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209A Restraining Order hearings are public and recorded

Produced by Massachusetts Law Reform Institute
Reviewed October 2023

Courts should record all 209A hearings electronically. Find out how to get an audio recording.

Judges should never hold 209A hearings in their offices.

Judges should hear all 209A hearings in the courtroom, in public.

But judges can decide to hold your hearing privately. They can have your hearing at their "bench". The bench is the judge's desk at the front of the courtroom. Or, they can close the courtroom.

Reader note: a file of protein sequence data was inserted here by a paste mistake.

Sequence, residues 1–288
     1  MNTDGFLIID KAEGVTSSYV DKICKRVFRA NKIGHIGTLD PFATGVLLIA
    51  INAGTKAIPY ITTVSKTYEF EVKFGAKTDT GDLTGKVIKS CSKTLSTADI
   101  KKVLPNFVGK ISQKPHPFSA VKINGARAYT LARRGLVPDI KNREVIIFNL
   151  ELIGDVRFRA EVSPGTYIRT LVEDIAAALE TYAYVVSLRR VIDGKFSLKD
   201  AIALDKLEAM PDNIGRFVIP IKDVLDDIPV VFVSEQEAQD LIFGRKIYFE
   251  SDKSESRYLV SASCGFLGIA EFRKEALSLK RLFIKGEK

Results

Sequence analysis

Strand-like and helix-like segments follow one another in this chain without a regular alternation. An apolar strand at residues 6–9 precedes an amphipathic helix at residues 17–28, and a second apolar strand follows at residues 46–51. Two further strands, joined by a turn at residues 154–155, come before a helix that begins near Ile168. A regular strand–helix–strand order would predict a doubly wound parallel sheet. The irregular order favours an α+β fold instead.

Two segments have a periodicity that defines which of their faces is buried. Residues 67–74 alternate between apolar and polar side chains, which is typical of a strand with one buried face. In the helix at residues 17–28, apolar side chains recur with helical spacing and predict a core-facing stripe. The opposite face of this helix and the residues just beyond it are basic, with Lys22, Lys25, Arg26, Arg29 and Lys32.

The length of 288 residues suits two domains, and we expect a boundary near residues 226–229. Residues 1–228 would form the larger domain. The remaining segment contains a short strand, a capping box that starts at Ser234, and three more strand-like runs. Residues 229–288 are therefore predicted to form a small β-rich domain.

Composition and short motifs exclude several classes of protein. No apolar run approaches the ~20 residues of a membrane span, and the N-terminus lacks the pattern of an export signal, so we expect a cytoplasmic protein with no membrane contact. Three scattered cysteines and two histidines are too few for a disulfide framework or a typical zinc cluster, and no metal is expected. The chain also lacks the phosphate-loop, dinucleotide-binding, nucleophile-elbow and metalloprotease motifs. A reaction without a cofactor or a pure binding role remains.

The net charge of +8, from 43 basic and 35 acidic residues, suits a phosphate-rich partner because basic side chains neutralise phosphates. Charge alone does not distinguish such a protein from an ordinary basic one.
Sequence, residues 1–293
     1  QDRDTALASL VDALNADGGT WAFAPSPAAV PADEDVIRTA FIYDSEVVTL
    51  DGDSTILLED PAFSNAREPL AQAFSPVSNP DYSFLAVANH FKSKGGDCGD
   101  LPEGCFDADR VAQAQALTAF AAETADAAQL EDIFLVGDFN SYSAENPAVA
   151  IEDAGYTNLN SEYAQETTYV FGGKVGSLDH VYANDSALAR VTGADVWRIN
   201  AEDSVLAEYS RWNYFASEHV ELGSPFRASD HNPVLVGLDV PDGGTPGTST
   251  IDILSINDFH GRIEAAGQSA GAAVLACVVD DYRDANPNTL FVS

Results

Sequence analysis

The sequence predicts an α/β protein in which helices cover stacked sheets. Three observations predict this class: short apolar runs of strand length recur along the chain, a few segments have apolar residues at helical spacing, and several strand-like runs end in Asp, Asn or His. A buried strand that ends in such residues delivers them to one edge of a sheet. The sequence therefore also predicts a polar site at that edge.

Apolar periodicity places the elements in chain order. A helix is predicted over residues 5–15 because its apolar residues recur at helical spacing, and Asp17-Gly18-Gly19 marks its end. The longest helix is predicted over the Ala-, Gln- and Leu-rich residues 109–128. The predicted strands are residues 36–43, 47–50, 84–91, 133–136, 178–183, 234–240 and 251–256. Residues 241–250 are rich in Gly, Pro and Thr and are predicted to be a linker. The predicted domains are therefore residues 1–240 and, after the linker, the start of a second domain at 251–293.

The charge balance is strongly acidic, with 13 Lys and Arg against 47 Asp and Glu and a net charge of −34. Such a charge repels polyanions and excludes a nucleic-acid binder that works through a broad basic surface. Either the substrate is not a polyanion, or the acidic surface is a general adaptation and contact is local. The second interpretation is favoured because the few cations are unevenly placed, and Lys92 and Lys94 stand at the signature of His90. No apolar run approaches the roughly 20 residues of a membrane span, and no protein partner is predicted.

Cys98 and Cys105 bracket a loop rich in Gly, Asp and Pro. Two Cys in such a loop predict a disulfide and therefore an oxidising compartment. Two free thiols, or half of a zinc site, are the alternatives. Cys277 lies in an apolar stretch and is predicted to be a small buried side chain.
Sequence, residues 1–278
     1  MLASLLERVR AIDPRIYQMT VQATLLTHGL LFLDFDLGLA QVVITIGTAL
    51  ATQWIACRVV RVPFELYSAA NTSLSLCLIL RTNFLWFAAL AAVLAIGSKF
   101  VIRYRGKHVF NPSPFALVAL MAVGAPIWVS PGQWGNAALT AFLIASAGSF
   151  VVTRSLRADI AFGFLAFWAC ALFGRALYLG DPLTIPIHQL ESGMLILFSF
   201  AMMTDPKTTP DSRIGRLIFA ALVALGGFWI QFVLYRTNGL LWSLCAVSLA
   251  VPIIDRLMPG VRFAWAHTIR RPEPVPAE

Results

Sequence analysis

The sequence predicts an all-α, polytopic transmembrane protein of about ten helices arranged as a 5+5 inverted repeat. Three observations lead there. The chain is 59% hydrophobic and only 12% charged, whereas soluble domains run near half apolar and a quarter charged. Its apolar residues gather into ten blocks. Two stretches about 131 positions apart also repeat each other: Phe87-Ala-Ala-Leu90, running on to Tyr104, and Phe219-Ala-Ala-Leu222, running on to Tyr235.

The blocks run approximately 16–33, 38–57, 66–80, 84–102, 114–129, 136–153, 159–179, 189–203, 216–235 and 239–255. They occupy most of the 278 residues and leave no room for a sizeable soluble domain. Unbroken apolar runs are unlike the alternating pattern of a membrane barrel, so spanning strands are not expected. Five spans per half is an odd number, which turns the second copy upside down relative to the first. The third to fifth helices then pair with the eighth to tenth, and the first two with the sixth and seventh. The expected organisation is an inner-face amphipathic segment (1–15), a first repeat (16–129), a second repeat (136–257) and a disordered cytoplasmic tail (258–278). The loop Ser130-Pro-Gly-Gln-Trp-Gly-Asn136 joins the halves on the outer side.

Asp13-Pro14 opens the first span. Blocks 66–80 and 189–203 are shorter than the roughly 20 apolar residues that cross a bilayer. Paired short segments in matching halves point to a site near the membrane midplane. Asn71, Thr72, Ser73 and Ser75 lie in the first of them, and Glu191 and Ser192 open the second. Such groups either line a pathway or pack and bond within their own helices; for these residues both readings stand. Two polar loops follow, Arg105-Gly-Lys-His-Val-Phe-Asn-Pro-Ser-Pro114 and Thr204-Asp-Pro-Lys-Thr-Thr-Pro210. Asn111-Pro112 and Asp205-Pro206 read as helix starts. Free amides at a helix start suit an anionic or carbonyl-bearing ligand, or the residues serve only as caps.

The guidelines say that judges can hold your hearing by the bench when there are sensitive issues like sexual assault or child abuse.

If you or the defendant need the judge to close the courtroom, you have to convince the judge you have a very good reason. You have to show that you or your family will be seriously harmed if the hearing is public. It is unusual for a judge to close the courtroom unless the restraining order is being requested on behalf of a child. The judge has to clearly explain the reasons they are closing the courtroom. 

All 209A hearings, public, bench, or closed courtroom should still be recorded.

See Section 3:04 of the 2021 Guidelines, page 52.

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